To troubleshoot this, I recommend stripping down the pc to the bare essentials: install one stick of RAM, the cpu, and the video card, and reset the BIOS after installing the cpu.  Do not include hard disks, other PCI cards, or other peripherals.
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well regaurding the via chips those are the chips that make up the motherboard chipset....the VIAtech i think ist he company name niether are your bios.....

2) in this instance with a mobo that has via chipset and move the harddrive to antoerh via chipset board chances are the os will boot fine... it has to do with the ide controler drivers being loaded and when they dont work because they are a diffrent brand then things act funny........

3) i dont think its a virus in your bios

but i do recomend stripping out all in yor computer... except i would remove EVERYTHING

do not have ANY ram in the board no hard drive no floppy no cd roms no cards nothing.......... no your computer will not boot like this but..... you will get a post code (your computer will beep at you like crazy like its about to blow up)  it wont though dont worry.... if you hear the post code then you know you got a working cpu and mobo.... next start puttingin the ram..... code? good now video card.... boot Post code?     good now floppy drive..... boot..... (at this point with a ram and video card and floppy drive installed you should just hear a single beep showing that you have posted..... if you get that then step though each piece of hardware install it then boot and see if it boots...when you get to the one that stops it form booting you know waht your problem is..............   (im going to guess here you have a bad hard drive)
ilkatecAuthor Commented:
I guess I was not clear enough but trying to not repeat my self I would place in evidence what I already said in my post.
I have taken everything off The Mother Board was "naked" nothing attached besides the CPU and the power supply cable from the PS. NOTHING happens, NOT even a small tiny little beep NOTHING at all on both computers.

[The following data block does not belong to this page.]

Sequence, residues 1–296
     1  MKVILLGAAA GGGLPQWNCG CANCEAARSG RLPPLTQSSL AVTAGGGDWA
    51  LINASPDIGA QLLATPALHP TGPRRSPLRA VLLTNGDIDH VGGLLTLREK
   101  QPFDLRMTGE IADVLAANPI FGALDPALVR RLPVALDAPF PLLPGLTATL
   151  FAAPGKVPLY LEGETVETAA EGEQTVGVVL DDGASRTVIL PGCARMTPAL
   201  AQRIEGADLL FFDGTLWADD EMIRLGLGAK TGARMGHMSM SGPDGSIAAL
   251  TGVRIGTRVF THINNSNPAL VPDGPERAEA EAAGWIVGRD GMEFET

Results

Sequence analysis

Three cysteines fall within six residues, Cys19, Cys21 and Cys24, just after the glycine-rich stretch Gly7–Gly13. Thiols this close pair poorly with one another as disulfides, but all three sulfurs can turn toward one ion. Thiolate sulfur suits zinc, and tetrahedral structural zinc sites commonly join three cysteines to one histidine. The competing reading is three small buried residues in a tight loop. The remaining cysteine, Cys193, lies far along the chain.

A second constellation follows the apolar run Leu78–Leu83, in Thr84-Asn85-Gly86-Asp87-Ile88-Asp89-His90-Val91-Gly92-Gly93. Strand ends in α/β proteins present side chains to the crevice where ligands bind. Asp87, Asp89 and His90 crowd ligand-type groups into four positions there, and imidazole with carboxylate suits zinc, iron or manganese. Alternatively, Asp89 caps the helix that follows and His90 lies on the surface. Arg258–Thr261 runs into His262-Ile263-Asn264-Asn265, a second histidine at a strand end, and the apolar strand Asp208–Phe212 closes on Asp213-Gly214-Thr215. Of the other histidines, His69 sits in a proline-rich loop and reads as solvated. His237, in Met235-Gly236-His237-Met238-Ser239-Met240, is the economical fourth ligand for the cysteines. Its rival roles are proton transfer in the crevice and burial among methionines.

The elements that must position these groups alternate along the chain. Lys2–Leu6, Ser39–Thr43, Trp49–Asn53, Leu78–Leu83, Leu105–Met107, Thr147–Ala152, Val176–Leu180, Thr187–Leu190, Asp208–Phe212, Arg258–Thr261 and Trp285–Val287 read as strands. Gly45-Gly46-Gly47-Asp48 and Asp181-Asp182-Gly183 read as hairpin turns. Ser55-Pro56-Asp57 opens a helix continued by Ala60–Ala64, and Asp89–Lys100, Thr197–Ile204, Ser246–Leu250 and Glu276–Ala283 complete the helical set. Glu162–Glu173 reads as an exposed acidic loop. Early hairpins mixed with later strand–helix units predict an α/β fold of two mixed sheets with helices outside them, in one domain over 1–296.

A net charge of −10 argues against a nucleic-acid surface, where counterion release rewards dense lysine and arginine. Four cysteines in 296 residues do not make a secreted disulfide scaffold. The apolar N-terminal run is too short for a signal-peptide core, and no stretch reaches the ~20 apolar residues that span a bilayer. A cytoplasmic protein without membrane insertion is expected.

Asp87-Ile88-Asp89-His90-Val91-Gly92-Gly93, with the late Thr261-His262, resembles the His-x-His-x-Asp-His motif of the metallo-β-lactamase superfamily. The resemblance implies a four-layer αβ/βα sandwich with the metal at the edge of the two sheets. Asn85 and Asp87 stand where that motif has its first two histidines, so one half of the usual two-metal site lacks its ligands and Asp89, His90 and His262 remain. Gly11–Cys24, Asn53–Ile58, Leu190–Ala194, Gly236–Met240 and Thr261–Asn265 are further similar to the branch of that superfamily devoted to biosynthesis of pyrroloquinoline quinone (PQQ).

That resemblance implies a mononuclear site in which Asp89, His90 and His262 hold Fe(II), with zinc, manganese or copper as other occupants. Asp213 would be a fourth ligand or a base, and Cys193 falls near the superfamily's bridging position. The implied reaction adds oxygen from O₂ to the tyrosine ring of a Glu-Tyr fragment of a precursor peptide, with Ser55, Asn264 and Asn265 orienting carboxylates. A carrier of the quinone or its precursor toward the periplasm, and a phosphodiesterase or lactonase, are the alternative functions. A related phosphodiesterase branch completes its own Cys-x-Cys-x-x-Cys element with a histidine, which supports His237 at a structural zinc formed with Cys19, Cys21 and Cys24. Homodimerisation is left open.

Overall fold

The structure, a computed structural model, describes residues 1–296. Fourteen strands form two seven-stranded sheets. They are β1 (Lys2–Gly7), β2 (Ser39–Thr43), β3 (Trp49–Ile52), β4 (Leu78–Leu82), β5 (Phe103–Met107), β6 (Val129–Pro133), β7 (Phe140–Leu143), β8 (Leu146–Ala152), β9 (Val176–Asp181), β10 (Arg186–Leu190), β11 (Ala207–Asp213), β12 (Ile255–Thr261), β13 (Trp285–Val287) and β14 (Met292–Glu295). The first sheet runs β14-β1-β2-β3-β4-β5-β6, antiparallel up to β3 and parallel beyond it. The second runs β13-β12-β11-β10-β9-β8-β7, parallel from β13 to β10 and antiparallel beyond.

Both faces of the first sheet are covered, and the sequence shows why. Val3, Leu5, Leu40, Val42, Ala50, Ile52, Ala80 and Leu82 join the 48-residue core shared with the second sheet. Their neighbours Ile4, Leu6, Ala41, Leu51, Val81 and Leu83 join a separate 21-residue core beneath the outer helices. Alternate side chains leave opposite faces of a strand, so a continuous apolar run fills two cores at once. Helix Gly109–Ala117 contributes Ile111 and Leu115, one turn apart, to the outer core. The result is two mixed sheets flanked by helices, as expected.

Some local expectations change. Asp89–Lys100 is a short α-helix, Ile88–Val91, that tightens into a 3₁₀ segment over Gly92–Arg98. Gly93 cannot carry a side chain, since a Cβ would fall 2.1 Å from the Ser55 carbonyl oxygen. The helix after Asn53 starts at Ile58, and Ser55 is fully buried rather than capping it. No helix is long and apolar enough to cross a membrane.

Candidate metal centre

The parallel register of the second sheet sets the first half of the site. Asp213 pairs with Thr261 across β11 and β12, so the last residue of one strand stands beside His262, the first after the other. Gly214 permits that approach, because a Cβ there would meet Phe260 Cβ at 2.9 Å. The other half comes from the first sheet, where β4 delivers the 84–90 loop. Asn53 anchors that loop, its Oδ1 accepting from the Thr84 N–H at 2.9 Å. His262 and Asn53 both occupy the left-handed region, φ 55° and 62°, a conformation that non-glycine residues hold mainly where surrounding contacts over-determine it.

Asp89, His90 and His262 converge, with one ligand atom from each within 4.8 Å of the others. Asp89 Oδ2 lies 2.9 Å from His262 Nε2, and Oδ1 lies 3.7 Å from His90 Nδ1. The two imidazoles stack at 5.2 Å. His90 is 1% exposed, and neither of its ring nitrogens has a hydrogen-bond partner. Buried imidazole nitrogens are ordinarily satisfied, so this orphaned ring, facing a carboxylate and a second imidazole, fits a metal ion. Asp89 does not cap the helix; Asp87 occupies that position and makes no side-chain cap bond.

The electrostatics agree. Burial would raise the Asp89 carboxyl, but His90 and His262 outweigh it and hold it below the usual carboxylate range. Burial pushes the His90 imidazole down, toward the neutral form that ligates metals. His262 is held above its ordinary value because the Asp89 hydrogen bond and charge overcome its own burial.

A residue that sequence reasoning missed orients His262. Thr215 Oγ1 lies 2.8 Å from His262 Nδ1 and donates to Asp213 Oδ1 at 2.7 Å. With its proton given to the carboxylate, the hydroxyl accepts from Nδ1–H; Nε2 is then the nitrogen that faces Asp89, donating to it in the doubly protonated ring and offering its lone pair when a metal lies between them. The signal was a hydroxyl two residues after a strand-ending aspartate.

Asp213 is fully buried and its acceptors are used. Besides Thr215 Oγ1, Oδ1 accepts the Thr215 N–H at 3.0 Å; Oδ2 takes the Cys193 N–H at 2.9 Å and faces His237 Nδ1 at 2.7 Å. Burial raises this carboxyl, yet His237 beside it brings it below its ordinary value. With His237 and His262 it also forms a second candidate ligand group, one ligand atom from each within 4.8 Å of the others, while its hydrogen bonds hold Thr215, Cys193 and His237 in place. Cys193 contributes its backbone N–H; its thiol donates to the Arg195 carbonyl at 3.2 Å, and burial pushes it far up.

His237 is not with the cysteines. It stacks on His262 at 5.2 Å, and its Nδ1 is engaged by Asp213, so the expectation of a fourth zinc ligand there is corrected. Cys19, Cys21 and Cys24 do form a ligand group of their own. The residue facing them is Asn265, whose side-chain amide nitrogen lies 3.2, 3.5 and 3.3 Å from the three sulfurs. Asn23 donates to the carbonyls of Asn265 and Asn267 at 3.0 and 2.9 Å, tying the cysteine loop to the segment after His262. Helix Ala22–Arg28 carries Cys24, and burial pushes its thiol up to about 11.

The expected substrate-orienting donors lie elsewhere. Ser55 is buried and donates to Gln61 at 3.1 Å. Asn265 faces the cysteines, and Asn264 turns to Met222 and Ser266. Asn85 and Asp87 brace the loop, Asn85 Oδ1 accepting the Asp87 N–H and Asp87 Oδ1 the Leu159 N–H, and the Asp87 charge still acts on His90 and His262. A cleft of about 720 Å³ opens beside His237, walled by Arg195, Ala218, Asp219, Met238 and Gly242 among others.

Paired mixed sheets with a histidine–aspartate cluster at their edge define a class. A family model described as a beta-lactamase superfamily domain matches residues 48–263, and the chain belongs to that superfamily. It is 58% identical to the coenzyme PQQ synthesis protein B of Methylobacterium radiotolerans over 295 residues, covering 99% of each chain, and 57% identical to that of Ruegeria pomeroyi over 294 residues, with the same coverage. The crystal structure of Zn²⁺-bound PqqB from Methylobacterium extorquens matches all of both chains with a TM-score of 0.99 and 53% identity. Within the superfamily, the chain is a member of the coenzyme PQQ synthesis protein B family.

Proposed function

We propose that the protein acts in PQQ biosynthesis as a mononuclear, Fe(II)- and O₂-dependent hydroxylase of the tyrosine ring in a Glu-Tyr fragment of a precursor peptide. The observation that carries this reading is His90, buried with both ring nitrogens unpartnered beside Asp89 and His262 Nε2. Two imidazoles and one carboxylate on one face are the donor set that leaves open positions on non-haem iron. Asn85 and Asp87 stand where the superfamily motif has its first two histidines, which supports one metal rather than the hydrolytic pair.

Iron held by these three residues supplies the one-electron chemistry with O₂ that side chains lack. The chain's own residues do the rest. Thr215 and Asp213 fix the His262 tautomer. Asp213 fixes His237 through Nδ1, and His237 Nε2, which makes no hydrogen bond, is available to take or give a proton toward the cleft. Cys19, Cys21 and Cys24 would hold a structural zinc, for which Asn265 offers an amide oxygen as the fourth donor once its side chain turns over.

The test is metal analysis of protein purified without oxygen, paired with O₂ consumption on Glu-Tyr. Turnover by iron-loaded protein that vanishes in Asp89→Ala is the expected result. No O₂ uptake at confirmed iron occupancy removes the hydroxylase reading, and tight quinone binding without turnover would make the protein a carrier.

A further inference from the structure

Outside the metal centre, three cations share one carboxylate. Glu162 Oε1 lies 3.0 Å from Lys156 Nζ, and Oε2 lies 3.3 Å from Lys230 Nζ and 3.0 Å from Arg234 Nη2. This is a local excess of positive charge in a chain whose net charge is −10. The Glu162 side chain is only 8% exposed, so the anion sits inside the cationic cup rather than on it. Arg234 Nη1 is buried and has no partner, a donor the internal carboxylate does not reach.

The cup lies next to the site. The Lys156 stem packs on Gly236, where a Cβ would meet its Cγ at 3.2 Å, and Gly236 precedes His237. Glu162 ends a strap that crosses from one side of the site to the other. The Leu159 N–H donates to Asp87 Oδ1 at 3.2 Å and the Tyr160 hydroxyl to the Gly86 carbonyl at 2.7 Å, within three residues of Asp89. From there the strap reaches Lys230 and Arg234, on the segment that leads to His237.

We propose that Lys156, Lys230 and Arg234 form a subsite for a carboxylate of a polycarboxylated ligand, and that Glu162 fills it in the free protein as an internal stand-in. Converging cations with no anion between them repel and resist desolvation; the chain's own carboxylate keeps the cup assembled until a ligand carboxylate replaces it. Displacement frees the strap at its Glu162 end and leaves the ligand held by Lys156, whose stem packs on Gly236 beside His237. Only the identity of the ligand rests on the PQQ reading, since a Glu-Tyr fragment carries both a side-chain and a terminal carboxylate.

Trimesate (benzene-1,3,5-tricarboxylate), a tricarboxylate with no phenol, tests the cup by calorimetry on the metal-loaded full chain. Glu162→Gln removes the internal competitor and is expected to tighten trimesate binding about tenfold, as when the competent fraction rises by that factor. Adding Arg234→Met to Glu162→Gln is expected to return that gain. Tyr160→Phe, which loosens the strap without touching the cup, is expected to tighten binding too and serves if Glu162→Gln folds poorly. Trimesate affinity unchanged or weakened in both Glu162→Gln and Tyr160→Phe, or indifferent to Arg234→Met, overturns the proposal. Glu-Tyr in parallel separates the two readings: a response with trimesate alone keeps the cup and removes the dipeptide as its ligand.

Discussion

I tried again by placing a known functioning RAM stick but again nothing.
I even tried connecting another PS which I borrowed from a functioning computer but again nothing.
The only thing I didn't tried yet is to replace the CPU with a known functioning one but unfortunately I do not have the availability of another CPU that fits into those sockets, even though I find it pretty strange that the CPU's on both computers went dead but of course "you never know".
There is no way a virus can affect your hardware.  A faulty hard drive with a short might affect your second system.  Did you try putting the original disk back in the second system and boot from it?  Reset the BIOS if it doesn't - there is no reason why the original disk in the second machine should not work, unless you zapped it with static electricity while working in it.
ilkatecAuthor Commented:
First of all I wish to thank you people for your interrest.
I wouldn't exclude the possibility that the Hard Disk has in some way suffered a short circuit caused by the shorted VGA pin and that afterwards the HD could absorb more current than it should thus triggering some kind of over absorption on the MoBo.
Anyway I would like to make the extreme effort to flash the BIOS but don't really know how I could succeed that under these conditions. (there is no BIOS detachable from the MoBo on both computers)
Does someone have a clue on that?        
The bent pin in the monitor cable connector is actually supposed to be like that. For some reasons this method is chosen for grounding this pin. Looks odd but....

I don't think it has a bearing on this issue, though...